DR. ROLLINS: Laughter really is the best medicine | PostIndependent.com

DR. ROLLINS: Laughter really is the best medicine

Scott Rollins
Free Press Health Columnist


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How delightful to learn that laughter really is the best medicine and will perhaps add as many good years to your life as other familiar health tips. Could it be so simple that a positive attitude reduces heart disease and stress-related hormones, improves the immune system and leads to a longer life? The scripture teaches that “a joyful heart is good medicine, but a crushed spirit dries up the bones” (Proverbs 17:22) and it turns out science is supporting this notion.

Happy people tend to live longer and experience better health than their unhappy peers according to a review of more than 160 studies of human and animal studies. The lead author, University of Illinois professor emeritus of psychology Ed Diener, summarized “the general conclusion from each type of study is that your subjective well-being — that is, feeling positive about your life, not stressed out, not depressed — contributes to both longevity and better health among healthy populations.”

The cardiovascular system is our “Achilles heel” when it comes to health and the leading cause of death is heart disease. Studies of artery health focus on how well the cells that line the arteries function — like the “canary in a coalmine,” they are the sentinels of health and disease in the system. These cells are called endothelial cells and they control blood pressure and keep cholesterol from oxidizing and making plaque. Many cardiac studies look at endothelial function as the marker for arterial health.

Japanese research printed in the American Journal of Cardiology shows the effect of mirthful laughter increases beneficial endothelial function. Participants watching a comedy had positive markers of endothelial health while those watching a documentary had a decline in artery health.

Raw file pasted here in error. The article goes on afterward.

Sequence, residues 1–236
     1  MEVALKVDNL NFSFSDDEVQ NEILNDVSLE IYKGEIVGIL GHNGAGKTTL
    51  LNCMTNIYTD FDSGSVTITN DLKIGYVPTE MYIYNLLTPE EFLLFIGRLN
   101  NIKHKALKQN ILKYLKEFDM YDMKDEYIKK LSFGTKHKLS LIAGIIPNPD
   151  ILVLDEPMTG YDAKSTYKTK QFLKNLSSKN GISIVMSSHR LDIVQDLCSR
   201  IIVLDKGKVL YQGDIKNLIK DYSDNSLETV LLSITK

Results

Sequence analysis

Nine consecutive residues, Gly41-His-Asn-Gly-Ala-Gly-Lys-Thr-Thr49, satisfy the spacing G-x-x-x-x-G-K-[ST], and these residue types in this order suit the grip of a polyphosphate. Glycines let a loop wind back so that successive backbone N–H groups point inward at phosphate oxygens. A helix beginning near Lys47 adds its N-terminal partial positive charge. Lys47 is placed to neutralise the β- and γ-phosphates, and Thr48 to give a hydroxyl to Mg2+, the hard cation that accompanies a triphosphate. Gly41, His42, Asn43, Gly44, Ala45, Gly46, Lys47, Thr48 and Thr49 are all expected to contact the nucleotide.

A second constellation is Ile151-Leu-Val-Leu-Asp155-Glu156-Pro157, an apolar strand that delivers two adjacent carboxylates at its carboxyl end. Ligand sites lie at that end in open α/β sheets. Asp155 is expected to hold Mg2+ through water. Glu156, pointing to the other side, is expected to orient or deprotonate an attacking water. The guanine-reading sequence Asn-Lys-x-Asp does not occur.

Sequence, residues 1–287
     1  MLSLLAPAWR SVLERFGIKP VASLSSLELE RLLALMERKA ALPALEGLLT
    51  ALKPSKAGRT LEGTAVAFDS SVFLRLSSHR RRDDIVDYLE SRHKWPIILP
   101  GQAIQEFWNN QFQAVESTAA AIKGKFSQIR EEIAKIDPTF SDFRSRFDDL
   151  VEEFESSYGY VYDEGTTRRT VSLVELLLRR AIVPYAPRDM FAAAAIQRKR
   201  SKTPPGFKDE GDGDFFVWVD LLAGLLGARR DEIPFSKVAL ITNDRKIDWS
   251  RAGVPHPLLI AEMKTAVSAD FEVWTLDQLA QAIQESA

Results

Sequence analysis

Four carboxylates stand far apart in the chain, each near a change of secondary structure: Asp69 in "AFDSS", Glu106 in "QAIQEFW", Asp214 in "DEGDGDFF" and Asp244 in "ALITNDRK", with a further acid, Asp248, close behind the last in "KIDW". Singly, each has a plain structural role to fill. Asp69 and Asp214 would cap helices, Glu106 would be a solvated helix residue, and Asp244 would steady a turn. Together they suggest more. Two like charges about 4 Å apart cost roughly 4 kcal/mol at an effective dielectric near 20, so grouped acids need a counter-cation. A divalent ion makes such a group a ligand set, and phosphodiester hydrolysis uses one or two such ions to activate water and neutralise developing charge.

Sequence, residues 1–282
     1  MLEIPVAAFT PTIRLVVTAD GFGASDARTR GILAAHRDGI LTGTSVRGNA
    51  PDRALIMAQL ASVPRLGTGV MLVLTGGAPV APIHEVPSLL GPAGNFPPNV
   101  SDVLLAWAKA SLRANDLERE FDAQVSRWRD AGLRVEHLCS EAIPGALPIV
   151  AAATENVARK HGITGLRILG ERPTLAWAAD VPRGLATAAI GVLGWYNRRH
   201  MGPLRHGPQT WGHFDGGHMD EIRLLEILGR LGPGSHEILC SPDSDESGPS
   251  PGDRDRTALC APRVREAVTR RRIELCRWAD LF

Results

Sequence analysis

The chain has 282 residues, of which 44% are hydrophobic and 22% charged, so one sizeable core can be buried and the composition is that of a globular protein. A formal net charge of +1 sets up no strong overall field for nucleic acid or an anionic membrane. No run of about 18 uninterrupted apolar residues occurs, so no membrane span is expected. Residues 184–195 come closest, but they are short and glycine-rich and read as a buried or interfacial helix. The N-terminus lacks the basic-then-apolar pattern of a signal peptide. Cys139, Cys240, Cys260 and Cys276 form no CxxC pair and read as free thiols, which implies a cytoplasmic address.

A study from the Journal of Biobehavioral Medicine called “The divergent effects of joyful and anxiety-provoking music on endothelial vasoreactivity” showed that listening to joyful music was good for artery health while anxiety-inducing music was bad for the arteries. Self-selected joyful music was associated with increased endothelial function to a magnitude previously observed with aerobic activity or statin drug therapy! Their conclusion was that listening to joyful music may be an adjunctive lifestyle intervention for the promotion of vascular health.

An interesting study titled, “Effects of laughing and weeping on mood and heart rate variability,” points out that laughing has strong but transient effects on the autonomic nervous system, while weeping or feeling sad has moderate but sustained effects on it. It would seem that having a “heavy heart” really does have physiological significance.

Laughter has been shown to benefit the immune system by increasing protective natural killer cells that help fight infection while lowering both the stress hormone cortisol and the inflammatory marker interleukin-6. Laughter will increase beneficial growth hormone, the anti-aging hormone that helps keep us young. Patients with cancer and other terminal illnesses benefit by laughter and show improved outlook, less pain and longer survival.


A study looking at the effect of humor on well being of nursing home residents showed that upon completion of a humor therapy program, there were significant decreases in pain and perception of loneliness, and significant increases in happiness and life satisfaction for the experimental group, but not for the control group. The use of humor therapy appears to be an effective non-pharmacological intervention. The authors suggest that nurses and other health care professionals could incorporate humor in caring for their patients.

As science continues to tease out the exact mechanisms of how laughter improves health we can rest assured that it works. In the bleakest of times, with both psychological and physical stress, good humor and positive attitude are potent tools to help us along. While happiness might not by itself prevent or cure disease, the evidence that positive emotions and enjoyment of life contribute to better health and a longer lifespan is stronger than the data linking obesity to reduced longevity.

Eat right, exercise, maintain a healthy weight, and don’t smoke, but most importantly, remember that attitude determines thought; thought determines action; and apparently thought determines health. Good humor is good medicine. So dance like no one is watching, sing like you are the star, whistle while you work, and laugh until your eyes water, your belly shakes and you gasp for air!

Scott Rollins, M.D., is board certified with the American Board of Family Practice and the American Board of Anti-Aging and Regenerative Medicine. He specializes in bioidentical hormone replacement, thyroid and adrenal disorders, fibromyalgia and other complex medical conditions. He is founder and medical director of the Integrative Medicine Center of Western Colorado (www.imcwc.com) and Bellezza Laser Aesthetics (www.bellezzalaser.com). Call 970-245-6911 for appointments or more information.

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